Photochemical crosslinking reduces the release rate of incorporated bioactive molecules by both diffusion and degradation. Photochemical crosslinking strengthens the collagen fibrils that results in ultra-fine microstructures with micron-sized pores interconnected with nano-sized fibrous network in freeze-dried structures. This may reduce the rate of diffusion and thus the release of the incorporated bioactive molecules from the liquid phase trapped among the fibrous network. Photochemical crosslinking also reduces the rate of disintegration of collagen structures in physiologically relevant conditions. Photochemical crosslinking also enhances retention of bioactive molecules with the matrix meshwork. This reduces the amount and rate of release of the incorporated bioactive molecules in dehydrated samples upon rehydration. The crosslinked microspheres release the incorporated bioactive molecules with a significantly reduced initial burst and first order release kinetics. Photochemical crosslinking does not alter the mesh size of the hydrated collagen fibril meshwork in the microsphere but may alter the interactions such as ionic, electrostatic and hydrophobic interactions, between the crosslinked collagen structures and the loaded proteins and thus hinder the release of proteins. The release can be sustained for a long term without compromising the bioactivity of the incorporated bioactive molecules.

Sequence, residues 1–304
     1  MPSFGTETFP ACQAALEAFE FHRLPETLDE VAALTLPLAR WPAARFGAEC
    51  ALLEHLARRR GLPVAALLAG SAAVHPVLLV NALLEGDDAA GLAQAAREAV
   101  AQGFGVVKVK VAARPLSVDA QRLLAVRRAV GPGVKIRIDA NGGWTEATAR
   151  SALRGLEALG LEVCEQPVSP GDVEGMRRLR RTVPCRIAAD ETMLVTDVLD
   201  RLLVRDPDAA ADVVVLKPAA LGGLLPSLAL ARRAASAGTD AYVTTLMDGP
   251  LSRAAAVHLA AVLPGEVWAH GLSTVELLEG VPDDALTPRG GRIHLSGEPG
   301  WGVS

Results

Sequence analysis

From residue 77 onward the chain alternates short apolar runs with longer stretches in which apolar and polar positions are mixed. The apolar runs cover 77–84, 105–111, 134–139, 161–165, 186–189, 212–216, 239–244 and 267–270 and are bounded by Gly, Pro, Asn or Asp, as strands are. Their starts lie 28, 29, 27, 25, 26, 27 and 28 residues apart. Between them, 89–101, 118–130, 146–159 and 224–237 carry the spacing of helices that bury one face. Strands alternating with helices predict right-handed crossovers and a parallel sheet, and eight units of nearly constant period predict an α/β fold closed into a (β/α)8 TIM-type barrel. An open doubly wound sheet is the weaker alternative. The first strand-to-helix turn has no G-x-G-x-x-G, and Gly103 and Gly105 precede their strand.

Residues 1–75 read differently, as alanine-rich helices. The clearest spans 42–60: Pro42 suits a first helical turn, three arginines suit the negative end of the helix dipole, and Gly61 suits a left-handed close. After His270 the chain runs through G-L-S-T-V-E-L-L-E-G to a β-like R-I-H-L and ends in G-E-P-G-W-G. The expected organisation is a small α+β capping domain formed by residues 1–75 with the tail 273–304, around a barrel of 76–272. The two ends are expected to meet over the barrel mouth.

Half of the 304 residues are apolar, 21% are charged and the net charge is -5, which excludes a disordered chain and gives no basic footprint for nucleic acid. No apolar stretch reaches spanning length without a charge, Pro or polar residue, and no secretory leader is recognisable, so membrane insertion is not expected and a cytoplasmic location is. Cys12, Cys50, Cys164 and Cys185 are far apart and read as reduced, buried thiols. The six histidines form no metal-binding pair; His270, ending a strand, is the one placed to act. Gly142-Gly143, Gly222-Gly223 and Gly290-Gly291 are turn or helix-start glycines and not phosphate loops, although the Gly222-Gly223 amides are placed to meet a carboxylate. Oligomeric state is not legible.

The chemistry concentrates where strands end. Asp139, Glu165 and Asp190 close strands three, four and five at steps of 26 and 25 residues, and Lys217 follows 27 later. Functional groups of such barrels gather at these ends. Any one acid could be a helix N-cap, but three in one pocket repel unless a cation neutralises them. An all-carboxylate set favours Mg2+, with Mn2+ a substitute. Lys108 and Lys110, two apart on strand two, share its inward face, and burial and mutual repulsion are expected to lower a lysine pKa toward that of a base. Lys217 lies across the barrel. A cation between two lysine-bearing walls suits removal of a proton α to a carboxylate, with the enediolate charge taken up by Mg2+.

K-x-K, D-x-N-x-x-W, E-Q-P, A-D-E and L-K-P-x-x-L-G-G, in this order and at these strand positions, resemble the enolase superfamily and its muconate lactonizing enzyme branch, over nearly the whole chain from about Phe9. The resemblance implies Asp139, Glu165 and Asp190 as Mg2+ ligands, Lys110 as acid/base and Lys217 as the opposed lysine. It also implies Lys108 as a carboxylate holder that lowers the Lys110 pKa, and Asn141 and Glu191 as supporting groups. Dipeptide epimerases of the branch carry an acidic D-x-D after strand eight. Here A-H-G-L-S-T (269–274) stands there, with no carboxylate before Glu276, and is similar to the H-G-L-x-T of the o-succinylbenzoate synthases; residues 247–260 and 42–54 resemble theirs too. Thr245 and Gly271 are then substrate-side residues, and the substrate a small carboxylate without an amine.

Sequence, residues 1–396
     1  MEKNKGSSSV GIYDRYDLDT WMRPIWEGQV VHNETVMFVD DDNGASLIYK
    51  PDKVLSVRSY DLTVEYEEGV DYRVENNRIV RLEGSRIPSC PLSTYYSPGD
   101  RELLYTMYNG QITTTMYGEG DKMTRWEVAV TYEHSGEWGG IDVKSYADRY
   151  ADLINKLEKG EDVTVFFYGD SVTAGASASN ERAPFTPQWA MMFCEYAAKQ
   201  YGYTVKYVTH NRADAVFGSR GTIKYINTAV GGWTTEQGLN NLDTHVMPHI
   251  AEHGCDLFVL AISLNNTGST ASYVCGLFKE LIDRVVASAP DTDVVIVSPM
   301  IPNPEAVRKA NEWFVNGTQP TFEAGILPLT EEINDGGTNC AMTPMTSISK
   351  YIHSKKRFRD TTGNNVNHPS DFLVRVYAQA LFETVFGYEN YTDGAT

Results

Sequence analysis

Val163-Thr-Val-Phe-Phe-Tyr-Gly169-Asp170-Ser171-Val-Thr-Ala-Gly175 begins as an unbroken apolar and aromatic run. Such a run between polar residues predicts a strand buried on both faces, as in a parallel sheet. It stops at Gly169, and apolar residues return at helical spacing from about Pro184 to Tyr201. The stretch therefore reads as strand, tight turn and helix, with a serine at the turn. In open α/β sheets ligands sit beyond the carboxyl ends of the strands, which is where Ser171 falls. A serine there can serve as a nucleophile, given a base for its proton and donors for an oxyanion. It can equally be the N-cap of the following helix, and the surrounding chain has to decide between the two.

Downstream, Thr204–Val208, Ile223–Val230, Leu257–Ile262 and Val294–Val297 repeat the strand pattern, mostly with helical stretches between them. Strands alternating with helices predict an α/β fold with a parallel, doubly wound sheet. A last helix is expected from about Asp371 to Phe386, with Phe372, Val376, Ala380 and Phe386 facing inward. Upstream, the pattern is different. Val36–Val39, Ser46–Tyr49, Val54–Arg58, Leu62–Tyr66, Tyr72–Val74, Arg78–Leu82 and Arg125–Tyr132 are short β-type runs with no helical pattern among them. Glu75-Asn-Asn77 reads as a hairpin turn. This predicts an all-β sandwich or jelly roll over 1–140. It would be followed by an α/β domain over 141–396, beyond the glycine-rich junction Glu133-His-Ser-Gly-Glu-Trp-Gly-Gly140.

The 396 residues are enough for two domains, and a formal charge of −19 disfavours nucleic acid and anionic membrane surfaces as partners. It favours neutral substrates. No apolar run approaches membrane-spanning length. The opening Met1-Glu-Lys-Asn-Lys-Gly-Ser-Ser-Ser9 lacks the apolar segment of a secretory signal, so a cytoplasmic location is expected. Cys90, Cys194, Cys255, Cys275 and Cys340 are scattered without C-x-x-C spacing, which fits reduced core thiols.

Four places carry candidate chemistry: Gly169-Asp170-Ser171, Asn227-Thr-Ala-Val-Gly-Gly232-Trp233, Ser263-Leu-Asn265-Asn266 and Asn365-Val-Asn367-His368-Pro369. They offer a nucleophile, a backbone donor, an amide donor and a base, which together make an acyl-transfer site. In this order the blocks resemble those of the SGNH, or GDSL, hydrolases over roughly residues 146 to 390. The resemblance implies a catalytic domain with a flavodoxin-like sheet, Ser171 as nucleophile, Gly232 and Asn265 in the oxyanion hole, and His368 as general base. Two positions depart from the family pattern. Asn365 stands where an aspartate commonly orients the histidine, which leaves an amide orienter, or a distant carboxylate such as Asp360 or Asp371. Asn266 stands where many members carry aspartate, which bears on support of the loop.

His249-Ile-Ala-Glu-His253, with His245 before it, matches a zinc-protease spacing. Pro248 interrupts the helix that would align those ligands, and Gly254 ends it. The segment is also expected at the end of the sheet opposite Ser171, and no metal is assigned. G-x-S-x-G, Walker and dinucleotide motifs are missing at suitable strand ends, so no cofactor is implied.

Both uncrosslinked and photochemically crosslinked microspheres with incorporated bioactive molecules can be used to deliver the bioactive molecules by direct injection into the injury sites systems including but are not limited to neurological and musculoskeletal systems.

D. Storage of Microspheres

The microspheres can be further processed and stored, for example, by dehydrating the microspheres rapidly or gradually by immersing in absolute alcohol or alcohol of increasing concentrations; freeze-drying, critical point drying, oven drying, air drying, acetone-drying, or dispersing in glycerol, or other conditions without denaturing both the matrix component of the microspheres and the incorporated bioactive molecules. The alcohol dehydration method extracts water from the microspheres by immersing in absolute alcohol for several rinses or a series of increasing concentration of alcohol, ranging from 10% to 100%, preferably 50% to 100%, each for a period of time ranging from 1 minute to 10 days, preferably 30 minutes. The microspheres can be stored as slurry or dried using dehydration gradient method.